3. [8]
    On 11 May 2018, the respondent filed an application requesting that its correct name under the Crown Proceedings Act 1980 (Qld) the “State of Queensland” be substituted for “The Crown in the State of Queensland”.  Mr Mowen did not oppose that application. The State of Queensland then brought an application for judgment on the claim which had not been properly served pursuant to r 293, alternatively an application to strike out the claim and statement of claim. There was also a further application for indemnity costs.
  4. [9]
    The basis of the respondent’s application is that the claim discloses no cause of action. The respondent’s submission is rightly made. In Fingleton v The Queen Gleeson CJ said:[1]

“We are concerned with the application of the Code, not the common law. Even so, it is material to note the policy of the common law, reflected also in the Code. Most discussion of judicial immunity concerns the possibility of civil liability, including liability for damages, at the suit of an aggrieved litigant. The general principle is as stated by Lord Denning MR in Sirros v Moore:

‘Ever since the year 1613, if not before, it has been accepted in our law that no action is maintainable against a judge for anything said or done by him in the exercise of a jurisdiction which belongs to him. The words which he speaks are protected by an absolute privilege. The orders which he gives, and the sentences which he imposes, cannot be made the subject of civil proceedings against him. No matter that the judge was under some gross error or ignorance, or was actuated by envy, hatred and malice, and all uncharitableness, he is not liable to an action.’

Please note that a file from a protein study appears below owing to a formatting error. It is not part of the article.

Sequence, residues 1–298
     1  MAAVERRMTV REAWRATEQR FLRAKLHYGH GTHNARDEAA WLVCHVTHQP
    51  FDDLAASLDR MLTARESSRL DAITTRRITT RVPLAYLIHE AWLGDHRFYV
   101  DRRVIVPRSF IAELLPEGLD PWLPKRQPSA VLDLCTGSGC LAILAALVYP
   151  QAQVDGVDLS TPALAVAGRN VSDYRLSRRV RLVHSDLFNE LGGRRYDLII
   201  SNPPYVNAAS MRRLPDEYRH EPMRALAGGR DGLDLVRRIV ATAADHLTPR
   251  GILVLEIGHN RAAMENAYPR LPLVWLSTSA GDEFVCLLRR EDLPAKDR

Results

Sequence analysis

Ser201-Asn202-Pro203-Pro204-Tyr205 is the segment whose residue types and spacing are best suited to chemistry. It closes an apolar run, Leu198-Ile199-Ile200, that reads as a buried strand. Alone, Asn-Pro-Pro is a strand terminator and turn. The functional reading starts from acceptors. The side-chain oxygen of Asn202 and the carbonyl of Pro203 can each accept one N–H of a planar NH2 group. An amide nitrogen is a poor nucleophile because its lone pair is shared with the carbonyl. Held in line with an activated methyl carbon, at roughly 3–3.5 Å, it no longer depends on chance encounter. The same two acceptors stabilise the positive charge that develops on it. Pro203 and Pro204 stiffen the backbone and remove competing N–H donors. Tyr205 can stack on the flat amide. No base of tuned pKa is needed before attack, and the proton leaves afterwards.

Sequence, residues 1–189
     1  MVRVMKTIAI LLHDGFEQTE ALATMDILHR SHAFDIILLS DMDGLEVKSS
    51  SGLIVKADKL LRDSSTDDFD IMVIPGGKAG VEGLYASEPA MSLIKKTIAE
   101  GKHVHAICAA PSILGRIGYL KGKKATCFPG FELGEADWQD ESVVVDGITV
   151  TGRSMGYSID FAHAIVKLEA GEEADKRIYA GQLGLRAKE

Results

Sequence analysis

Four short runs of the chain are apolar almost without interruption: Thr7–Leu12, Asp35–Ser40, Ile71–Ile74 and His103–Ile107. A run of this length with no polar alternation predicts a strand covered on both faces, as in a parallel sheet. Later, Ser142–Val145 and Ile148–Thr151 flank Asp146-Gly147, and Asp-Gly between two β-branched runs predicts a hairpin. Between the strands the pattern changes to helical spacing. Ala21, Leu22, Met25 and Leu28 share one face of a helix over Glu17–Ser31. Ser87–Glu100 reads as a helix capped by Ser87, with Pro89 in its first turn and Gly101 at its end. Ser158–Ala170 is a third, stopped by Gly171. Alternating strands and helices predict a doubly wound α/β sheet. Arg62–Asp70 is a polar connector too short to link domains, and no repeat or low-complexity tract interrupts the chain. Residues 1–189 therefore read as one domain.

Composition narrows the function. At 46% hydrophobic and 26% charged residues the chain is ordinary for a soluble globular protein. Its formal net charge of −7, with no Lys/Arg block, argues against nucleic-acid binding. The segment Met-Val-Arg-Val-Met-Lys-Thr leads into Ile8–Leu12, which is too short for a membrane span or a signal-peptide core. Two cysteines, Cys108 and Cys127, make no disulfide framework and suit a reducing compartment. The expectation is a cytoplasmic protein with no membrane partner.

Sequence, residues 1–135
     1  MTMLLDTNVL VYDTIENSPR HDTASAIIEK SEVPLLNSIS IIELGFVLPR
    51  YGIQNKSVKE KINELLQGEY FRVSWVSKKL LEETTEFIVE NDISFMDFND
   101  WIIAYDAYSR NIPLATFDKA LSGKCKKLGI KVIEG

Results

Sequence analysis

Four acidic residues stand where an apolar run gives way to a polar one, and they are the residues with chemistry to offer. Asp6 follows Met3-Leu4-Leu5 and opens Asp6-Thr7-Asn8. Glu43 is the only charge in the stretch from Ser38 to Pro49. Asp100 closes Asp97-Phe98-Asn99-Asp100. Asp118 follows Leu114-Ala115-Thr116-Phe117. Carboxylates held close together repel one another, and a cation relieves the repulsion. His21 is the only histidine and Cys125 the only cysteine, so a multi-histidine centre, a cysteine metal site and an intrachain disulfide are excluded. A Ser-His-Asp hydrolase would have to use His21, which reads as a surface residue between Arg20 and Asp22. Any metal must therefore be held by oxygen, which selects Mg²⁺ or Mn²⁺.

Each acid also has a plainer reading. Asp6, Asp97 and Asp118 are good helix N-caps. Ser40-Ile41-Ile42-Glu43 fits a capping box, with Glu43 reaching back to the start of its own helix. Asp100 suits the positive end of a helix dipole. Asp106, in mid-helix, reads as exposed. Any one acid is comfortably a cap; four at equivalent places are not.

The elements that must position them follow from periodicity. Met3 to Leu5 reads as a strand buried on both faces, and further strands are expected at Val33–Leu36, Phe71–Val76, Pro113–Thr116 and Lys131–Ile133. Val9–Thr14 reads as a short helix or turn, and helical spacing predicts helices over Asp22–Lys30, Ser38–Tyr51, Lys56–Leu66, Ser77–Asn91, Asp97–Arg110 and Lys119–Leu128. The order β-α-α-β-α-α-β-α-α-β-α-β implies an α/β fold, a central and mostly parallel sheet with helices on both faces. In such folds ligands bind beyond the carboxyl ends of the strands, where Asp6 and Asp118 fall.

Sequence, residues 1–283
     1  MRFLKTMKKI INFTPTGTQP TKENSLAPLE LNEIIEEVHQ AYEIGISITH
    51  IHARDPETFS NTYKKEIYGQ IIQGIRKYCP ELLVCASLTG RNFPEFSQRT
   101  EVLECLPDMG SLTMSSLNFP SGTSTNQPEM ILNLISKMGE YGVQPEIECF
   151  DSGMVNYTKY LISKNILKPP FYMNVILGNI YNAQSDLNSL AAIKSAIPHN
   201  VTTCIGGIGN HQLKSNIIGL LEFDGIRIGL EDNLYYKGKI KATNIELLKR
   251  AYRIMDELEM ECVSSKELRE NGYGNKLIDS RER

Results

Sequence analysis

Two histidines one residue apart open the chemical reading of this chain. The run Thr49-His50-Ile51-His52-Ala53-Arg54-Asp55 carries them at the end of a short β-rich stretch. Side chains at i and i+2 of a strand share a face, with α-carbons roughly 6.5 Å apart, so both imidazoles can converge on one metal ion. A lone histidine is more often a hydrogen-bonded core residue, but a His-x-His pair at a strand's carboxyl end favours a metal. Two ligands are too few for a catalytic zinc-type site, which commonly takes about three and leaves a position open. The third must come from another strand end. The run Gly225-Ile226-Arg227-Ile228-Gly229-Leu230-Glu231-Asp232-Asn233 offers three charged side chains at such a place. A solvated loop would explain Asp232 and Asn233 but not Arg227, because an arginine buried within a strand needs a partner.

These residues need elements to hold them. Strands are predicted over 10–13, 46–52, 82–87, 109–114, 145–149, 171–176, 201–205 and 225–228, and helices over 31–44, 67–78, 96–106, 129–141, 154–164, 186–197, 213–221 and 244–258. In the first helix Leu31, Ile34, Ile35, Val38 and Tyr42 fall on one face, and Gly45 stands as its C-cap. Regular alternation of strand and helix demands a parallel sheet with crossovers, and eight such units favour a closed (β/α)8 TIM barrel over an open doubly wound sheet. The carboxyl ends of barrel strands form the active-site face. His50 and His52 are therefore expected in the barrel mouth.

An allegation of judicial misconduct by a dissatisfied litigant often, perhaps even typically, will be accompanied by an accusation of malice or want of good faith in the exercise of judicial authority. In Re McC, Lord Bridge of Harwich said:

‘It is, of course, clear that the holder of any judicial office who acts in bad faith, doing what he knows he has no power to do, is liable in damages. If the Lord Chief Justice himself, on the acquittal of a defendant charged before him with a criminal offence, were to say: 'That is a perverse verdict', and thereupon proceed to pass a sentence of imprisonment, he could be sued for trespass. But, as Lord Esher MR said in Anderson v Gorrie: ‘the question arises whether there can be an action against a judge of a court of record for doing something within his jurisdiction, but doing it maliciously and contrary to good faith. By the common law of England it is the law that no such action will lie.’’